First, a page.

The examples and perspective in this article deal primarily with the United States and do not represent a worldwide view of the subject. (June 2015) (Learn how and when to remove this template message)
An executive director is a chief executive officer (CEO) or managing director of an Uorganization, company, or corporation. The title is widely used in North American non-profit organizations, though many United States nonprofits have adopted the title president or CEO.
Confusion can arise because the words executive and director occur both in this title and in titles of various members of some organizations' boards of directors. The precise meanings of these terms are discussed in the board of directors article.
The role of the executive director is to design, develop and implement strategic plans for the organization in a manner that is both cost and time-efficient. The executive director is also responsible for the day-to-day operation of the organization, which includes managing committees and staff as well as developing business plans in collaboration with the board. In essence, the board grants the executive director the authority to run the organization. The executive director is accountable to the chairman of the board of directors and reports to the board on a regular basis – quarterly, semiannually, or annually. The board may offer suggestions and ideas about how to improve the organization, but the executive director decides whether or not, and how, to implement these ideas.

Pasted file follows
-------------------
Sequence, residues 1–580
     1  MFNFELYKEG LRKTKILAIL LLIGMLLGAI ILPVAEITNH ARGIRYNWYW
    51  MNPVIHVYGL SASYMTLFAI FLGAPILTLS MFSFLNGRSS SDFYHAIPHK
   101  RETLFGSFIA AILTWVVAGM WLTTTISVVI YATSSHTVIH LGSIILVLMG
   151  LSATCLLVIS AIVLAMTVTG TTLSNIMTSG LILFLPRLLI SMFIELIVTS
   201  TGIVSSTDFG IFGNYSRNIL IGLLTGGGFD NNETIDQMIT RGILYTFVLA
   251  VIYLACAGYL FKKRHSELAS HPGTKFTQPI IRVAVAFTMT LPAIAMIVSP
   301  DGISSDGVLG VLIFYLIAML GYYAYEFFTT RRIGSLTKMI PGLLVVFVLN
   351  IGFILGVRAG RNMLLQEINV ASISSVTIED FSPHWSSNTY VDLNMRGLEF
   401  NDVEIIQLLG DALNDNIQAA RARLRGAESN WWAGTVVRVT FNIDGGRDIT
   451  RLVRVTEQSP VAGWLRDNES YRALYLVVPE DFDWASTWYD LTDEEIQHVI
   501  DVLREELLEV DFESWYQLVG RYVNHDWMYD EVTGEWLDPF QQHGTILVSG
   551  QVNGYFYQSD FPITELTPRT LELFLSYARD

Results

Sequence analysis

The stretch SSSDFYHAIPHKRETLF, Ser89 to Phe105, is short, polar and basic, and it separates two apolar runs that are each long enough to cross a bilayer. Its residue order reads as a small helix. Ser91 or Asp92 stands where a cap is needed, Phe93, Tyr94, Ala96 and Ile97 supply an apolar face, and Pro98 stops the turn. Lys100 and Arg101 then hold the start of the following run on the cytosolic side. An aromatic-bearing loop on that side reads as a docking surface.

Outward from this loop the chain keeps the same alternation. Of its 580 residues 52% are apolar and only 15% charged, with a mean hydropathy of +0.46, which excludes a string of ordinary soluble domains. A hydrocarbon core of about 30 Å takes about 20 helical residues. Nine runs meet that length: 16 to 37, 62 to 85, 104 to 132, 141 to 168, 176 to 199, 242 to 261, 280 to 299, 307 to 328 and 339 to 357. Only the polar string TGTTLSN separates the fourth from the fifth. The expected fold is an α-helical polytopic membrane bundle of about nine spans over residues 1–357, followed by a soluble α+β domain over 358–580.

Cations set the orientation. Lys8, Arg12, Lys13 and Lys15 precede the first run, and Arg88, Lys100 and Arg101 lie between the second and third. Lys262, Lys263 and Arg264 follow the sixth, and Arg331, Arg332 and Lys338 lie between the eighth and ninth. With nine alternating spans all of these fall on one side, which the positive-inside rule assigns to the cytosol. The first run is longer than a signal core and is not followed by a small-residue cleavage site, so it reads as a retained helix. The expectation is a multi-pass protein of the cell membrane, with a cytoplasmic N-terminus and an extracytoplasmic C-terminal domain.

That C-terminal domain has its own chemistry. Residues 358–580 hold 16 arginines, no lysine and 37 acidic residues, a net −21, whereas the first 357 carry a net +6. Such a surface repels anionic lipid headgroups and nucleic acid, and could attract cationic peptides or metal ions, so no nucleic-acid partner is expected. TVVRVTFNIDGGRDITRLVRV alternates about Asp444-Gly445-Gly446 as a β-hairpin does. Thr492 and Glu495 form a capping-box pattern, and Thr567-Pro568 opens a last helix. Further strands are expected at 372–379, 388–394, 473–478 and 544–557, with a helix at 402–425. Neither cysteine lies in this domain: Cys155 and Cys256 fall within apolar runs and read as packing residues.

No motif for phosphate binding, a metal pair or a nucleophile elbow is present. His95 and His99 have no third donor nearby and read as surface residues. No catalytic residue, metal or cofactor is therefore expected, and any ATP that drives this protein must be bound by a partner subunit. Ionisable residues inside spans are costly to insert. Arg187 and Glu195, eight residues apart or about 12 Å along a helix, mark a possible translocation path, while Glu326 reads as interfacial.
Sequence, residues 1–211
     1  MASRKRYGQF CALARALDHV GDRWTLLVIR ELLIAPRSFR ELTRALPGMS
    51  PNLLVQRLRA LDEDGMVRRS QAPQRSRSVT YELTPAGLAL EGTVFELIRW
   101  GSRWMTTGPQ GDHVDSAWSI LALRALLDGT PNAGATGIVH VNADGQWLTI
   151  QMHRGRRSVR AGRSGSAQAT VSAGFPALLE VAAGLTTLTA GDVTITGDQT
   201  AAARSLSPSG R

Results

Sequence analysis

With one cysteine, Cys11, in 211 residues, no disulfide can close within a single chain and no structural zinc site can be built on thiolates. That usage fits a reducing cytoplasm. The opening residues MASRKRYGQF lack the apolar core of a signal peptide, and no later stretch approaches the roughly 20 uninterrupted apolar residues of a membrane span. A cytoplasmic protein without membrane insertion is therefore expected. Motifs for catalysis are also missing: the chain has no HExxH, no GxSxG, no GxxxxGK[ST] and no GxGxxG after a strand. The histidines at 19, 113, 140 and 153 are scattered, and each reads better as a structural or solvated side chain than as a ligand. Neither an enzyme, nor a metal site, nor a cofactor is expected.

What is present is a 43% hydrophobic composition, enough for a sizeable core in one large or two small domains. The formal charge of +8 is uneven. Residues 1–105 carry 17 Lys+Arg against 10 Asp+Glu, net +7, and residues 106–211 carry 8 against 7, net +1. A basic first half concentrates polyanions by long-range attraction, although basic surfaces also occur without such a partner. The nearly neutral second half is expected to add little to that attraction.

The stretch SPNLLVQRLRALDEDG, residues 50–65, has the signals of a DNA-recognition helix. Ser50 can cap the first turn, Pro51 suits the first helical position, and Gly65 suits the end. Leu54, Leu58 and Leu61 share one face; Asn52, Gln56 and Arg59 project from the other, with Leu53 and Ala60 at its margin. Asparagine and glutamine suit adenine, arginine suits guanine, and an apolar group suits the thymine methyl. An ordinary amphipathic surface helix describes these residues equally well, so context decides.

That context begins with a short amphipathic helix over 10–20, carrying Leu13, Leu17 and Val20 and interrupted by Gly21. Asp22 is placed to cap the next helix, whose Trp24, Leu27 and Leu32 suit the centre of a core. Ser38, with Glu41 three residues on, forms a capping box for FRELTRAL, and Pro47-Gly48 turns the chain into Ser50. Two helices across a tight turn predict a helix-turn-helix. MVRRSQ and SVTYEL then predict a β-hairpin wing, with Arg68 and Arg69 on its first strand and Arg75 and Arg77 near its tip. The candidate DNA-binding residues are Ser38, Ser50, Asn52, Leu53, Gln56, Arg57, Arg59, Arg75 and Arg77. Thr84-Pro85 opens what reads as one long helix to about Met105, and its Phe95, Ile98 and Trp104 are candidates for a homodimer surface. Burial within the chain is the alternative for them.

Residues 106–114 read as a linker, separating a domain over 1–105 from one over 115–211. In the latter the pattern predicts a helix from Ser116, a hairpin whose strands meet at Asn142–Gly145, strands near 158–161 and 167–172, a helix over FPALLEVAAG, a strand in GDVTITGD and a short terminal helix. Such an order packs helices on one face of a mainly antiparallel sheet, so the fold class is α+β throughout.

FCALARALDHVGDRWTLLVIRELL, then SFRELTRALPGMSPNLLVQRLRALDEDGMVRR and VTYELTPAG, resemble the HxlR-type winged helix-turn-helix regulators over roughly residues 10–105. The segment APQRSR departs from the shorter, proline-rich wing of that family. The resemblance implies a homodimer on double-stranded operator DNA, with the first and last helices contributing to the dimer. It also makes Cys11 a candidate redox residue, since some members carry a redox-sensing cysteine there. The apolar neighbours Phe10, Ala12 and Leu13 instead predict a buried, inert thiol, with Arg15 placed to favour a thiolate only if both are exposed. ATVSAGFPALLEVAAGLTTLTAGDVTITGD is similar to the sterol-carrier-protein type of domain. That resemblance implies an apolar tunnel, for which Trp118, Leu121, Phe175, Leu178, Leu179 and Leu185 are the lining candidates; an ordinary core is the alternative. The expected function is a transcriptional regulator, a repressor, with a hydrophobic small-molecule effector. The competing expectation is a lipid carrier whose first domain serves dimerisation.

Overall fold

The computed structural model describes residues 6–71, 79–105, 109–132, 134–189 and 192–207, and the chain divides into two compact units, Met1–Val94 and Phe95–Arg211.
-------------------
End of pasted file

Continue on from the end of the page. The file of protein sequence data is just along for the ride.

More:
The executive director is a leadership role for an organization and often fulfills a motivational role in addition to office-based work. Executive directors motivate and mentor members, volunteers, and staff, and may chair meetings. The executive director leads the organization and develops its organizational culture.
- Policy vs. Paper Clips: Selling the Corporate Model to Your Nonprofit Board, Eugene H. Fram with Vicki Brown, 1995, 2nd Edition, Families International, Milwaukee, WI
- Charles W. L. Hill, and Gareth R. Jones, (2001) Strategic Management. Houghton Mifflin.